Microglia in the brain show distinctive phenotypes that serve different functions. In particular, M2-polarized microglia are anti-inflammatory and phagocytic cells that serve a restorative function. In this study, we investigated whether mesenchymal stem cells (MSCs) enhance the phagocytic clearance of α-synuclein via M2 microglia polarization, and thereby exert neuroprotective effects in α-synuclein-enriched experimental models and patients with multiple system atrophy (MSA). Treatment of BV2 cells with α-synuclein induced an inflammatory phenotype, whereas co-culture of α-synuclein-treated BV2 cells with MSCs induced an anti-inflammatory M2 phenotype, with decreased α-synuclein levels and increased lysosomal activity, leading to greater viability of neuronal cells co-cultured with BV2 cells. Using IL-4 receptor siRNA in BV2 cells and IL-4 siRNA in MSCs, we found that M2 microglia polarization was induced by IL-4 secreted from MSCs. In α-synuclein-inoculated mice, MSC treatment induced M2 microglia polarization decreased α-synuclein levels, and had a prosurvival effect on neurons. Using IL-4 and IL-4 receptor knockout mice, we further confirmed that IL-4 secreted from MSCs induced phagocytic clearance of α-synuclein through M2 microglia polarization. Next, we found that the cerebrospinal fluid (CSF) from MSC-transplanted MSA patients induced microglia M2 polarization and had a prosurvival effect via enhanced clearance of α-synuclein in α-synuclein-treated BV2 cells. Finally, a serial CSF study demonstrated that changes in oligomeric α-synuclein from baseline to 1-year follow-up were greater in the CSF of MSC-transplanted MSA patients than in placebo-transplanted MSA patients. These findings indicate that MSCs exert a neuroprotective effect via the clearance of extracellular α-synuclein by controlling microglia M2 polarization, suggesting that MSCs could be used as a disease-modifying therapy for patients with α-synucleinopathies.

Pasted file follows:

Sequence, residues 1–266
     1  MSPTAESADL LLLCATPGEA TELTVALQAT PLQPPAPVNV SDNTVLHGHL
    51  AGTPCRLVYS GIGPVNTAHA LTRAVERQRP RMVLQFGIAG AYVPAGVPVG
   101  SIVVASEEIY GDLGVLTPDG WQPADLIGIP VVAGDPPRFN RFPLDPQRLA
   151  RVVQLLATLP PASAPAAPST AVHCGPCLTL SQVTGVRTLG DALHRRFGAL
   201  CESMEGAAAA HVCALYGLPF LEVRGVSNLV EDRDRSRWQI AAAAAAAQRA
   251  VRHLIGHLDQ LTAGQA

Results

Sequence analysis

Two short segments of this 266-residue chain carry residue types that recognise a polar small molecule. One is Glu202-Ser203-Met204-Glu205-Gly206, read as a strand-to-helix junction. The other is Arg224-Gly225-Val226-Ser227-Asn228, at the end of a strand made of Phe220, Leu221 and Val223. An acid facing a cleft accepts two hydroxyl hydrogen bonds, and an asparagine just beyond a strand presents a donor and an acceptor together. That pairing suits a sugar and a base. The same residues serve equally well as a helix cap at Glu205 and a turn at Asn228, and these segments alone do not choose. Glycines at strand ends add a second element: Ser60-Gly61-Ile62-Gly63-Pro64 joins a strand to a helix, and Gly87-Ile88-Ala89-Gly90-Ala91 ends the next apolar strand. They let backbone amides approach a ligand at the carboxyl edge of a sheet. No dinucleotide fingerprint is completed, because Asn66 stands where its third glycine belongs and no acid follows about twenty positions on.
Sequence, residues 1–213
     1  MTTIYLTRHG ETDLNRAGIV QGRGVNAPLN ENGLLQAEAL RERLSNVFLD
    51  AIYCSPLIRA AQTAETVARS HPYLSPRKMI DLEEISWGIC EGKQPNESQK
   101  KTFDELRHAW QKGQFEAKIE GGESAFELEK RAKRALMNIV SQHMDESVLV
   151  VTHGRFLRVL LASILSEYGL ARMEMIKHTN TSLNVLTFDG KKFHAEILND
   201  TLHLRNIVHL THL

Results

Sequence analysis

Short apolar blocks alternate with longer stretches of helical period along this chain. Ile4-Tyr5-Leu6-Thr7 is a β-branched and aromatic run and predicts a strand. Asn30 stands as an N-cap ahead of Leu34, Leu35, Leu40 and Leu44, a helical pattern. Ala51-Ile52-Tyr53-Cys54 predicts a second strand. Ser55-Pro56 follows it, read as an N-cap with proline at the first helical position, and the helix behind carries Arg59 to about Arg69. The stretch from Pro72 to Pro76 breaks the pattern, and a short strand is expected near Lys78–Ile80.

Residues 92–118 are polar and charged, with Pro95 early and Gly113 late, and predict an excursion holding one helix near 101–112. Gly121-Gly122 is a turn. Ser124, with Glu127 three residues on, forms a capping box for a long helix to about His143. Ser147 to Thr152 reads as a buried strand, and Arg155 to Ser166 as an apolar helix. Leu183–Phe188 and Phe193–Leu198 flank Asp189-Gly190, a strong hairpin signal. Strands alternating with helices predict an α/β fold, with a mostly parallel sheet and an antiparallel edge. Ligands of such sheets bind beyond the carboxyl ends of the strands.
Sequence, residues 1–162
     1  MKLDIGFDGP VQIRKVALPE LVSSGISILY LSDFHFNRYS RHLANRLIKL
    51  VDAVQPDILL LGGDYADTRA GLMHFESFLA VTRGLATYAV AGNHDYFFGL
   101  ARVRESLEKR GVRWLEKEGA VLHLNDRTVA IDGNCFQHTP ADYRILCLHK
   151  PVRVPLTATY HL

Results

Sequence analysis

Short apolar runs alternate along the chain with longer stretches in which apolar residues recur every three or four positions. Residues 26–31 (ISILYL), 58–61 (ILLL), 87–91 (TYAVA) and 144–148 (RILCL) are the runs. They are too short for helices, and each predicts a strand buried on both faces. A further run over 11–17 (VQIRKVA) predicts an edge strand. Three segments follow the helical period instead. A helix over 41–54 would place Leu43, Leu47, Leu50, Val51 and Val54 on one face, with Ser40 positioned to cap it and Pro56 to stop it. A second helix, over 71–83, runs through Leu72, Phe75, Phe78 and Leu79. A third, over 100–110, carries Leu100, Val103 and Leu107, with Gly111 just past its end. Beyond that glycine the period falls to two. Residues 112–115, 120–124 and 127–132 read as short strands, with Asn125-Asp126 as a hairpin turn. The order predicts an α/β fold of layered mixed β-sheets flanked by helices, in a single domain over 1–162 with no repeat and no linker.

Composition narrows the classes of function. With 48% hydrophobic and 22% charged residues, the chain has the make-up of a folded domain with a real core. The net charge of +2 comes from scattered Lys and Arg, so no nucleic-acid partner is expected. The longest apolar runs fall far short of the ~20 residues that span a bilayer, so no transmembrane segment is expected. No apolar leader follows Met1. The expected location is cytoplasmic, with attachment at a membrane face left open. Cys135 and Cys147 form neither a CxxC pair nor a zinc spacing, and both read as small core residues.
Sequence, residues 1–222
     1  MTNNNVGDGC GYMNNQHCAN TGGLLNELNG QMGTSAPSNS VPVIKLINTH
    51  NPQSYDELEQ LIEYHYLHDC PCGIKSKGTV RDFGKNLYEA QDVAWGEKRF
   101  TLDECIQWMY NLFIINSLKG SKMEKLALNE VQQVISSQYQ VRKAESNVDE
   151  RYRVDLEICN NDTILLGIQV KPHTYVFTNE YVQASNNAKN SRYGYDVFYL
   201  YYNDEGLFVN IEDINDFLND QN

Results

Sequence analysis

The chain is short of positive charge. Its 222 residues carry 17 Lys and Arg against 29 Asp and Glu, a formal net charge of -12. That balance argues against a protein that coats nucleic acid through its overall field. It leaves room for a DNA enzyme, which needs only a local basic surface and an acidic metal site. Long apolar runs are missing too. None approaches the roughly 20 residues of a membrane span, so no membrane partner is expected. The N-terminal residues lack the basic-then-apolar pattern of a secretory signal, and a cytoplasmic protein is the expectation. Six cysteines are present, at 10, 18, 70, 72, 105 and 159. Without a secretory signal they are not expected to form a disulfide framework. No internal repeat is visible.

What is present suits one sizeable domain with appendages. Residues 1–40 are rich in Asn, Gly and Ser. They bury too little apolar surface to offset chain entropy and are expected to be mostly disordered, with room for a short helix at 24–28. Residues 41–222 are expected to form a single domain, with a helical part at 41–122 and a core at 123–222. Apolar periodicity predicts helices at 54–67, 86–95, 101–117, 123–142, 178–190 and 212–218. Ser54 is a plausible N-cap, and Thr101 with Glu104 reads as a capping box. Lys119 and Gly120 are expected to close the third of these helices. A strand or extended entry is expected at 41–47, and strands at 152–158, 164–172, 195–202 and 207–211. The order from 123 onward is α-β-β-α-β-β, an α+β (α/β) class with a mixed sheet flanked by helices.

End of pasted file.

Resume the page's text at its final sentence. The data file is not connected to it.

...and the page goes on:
Keywords: IL-4; M2-polarized microglia; Mesenchymal stem cells; α-Synuclein.